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Re: Air compressors

To: Barney Gaylord <>,
Subject: Re: Air compressors
From: Don Malling <>
Date: Sat, 05 Oct 2002 18:54:46 -0400
Hi Barney, 

Thanks for the info, and thanks especially for the link. It was very
informative. I smiled when I saw who wrote it :-) 

One of the big reasons for the air compressor is sandblasting. I will go
check out the sandblasters for CFM.

I'm looking at Ingersole Rand and Campbell-Hausfield. They have twin
cylinder compressors, but I assume single stage because they don't state
it one way or the other -- 240V only -- I was aware of the amperage
thing with 120V. 

So it sounds dual stage is not important unless I want to build the
compress and fit it with a smaller motor. The motor that comes with the
compressor will turn the pump at a set speed and I get the rated CFM no
matter what: single stage or dual stage. 

Thanks again. I appreciate the help. 

I hope you guys appreciate how important all this information is. My
TR250 and MGB have sat in the garage for a long time because I didn't
know what to do -- how to restore them -- and I didn't have the time to
do it. 

The internet and these message boards have solved one problem -- I know
where to go to find the answers. Now I just need the time. 

Thanks again

Don Malling 

Barney Gaylord wrote:
> At 12:31 AM 10/5/02 -0400, you wrote:
> >If I can get the CFM I think I need (11 to 18 CFM or so) from an 80 gallon
> >single stage air compressor, why would a two stage be better -- what are
> >the advantages of a two stage over a single stage, assuming the same CFM
> >from both.
> Two stage is more efficient, can run the same volume with a smaller motor.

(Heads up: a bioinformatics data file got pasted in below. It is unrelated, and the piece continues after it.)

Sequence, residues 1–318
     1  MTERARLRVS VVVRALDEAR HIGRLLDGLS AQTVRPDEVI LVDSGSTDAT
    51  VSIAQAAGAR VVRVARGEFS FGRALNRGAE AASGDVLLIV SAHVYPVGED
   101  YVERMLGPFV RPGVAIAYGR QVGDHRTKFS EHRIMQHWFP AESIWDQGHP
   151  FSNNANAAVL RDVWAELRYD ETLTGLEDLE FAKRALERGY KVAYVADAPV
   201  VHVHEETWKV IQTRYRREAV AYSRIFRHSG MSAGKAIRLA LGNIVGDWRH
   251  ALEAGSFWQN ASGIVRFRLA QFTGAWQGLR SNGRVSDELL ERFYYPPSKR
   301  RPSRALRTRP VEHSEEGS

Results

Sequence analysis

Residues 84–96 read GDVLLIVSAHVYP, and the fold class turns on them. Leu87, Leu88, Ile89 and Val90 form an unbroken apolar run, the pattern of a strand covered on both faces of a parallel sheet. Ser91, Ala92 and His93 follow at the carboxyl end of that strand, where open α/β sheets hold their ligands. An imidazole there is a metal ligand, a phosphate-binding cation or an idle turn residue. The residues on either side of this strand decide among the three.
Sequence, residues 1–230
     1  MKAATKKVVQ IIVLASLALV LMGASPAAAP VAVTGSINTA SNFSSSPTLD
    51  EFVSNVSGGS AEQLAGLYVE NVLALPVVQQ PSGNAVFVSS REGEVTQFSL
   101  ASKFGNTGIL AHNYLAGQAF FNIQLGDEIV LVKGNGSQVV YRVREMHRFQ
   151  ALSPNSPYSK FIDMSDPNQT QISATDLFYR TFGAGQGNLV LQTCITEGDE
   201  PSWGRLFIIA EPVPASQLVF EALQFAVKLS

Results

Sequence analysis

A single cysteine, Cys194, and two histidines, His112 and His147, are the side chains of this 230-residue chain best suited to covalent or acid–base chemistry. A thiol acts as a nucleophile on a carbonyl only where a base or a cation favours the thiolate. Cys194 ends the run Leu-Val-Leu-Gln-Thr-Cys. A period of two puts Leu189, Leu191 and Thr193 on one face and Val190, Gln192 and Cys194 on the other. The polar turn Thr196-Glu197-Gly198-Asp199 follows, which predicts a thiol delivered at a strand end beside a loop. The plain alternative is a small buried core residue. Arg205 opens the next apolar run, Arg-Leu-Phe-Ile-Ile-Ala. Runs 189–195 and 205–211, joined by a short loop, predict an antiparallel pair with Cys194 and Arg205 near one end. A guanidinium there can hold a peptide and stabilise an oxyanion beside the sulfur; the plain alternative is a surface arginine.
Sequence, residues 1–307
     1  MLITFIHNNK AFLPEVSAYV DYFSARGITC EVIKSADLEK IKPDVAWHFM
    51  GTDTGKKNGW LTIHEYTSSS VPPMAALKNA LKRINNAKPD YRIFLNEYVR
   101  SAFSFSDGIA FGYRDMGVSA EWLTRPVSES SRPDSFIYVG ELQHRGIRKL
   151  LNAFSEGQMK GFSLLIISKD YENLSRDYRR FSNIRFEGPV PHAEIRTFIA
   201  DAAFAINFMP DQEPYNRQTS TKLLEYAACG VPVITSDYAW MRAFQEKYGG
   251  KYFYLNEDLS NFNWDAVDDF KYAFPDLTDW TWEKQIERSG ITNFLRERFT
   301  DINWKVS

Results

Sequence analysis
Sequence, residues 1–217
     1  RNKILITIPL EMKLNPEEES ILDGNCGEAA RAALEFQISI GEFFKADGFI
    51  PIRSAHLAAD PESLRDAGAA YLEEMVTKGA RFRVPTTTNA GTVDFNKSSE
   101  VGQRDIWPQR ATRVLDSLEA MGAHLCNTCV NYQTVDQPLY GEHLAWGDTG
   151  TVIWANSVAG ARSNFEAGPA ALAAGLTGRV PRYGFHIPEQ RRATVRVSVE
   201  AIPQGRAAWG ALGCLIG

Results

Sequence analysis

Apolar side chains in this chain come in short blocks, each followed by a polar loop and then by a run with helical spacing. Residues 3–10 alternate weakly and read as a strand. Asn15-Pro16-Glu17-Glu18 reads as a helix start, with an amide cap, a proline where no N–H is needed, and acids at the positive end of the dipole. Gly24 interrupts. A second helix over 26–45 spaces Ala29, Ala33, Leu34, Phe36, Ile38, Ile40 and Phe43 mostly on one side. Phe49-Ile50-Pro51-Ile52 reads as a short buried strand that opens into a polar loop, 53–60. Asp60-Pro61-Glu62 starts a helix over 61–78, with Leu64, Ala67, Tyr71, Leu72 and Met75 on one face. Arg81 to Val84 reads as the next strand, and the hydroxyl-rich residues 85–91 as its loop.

> >Is 11 CFM generally sufficient, or should do I need more like maybe 18.
> For a hopme shop, 8 to 9 CFM at 40 PSI or 7 CFM at 90 PSI is generally
> sufficient, and can be had from a much smaller unit.
> >I see some air tools need more. A $39.00 air nibbler at Harbor Freight
> >uses 4 CFM and a $29.00 nibbler uses 14 CFM -- a lot more. Do the cheaper
> >air tools tend to use more CFM?
> Nope.  Cheaper tools often have smaller air motors, use less air, have less
> power.  If the unit needs 14 CFM it will also need a VERY LARGE AIR
> HOSE.  The 14 CFM nibbler does not need a 14 CFM compressor.  It will run
> quit happily on a 7 CFM compressor, but with only 50% duty cycle, neaming
> you might operate the tool for 30 seconds out of any 1 minute is the
> compressor has a small air tank, or maybe 2 minutes continuous out of a 4
> minute period if the tank is larger.  The tool draws air from the tank, and
> as long as the tank has sufficient pressure whenever it is demanded, the
> tool could care less what kind of compressor is supplying the air.
> Please read this:
> Regards,
> Barney Gaylord
> 1958 MGA with an attitude

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